Ever since I visited Bosnia, Montenegro and Croatia in 2013, I’ve been fascinated with Yugoslavia. I’m constantly reading memoirs, historical books and articles about the former Communist state and have spent countless hours dreaming about returning and spending more time in the region. Aside from our self-tour of Novi Beograd, we were planning to visit Yugoslav leader Tito’s grave. I wanted to know what other significant places we could see in Belgrade so I googled “Belgrade Communist sites” and came across the website for Belgrade Walking Tours, who offer a three and a half hour “Communist tour” for only 10EUR.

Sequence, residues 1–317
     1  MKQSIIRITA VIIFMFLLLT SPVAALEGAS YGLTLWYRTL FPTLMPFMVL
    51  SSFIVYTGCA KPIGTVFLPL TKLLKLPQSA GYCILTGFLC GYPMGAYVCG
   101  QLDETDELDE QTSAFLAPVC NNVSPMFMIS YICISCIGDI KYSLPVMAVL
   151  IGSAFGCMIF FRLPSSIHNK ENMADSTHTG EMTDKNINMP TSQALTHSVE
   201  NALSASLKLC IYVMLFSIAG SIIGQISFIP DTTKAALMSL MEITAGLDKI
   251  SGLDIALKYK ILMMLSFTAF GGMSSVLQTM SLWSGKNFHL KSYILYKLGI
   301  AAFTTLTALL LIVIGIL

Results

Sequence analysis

One of my favourite things to do in Europe is take the train, no matter how long or short the journey. Book me onto an 8-hour flight and my mind fills with anxiety, but a train ride of the same length fills me with excitement; the satisfaction of slowly passing through countryside, crossing borders the old fashioned way, and staying firmly on the ground. The train from Budapest bound for Belgrade was nearly empty for the entire trip. We stopped at the Hungarian border, had our passports stamped, moved on for a few short minutes, and stopped again on the Serbian side of the border in Subotica. The border police seemed a little more tired, a little more weary, their faces a little more lined. Moments after we pulled into the station, the sky grew dark and exploded with rain. I grasped the deliciousness of the symbolism in that moment.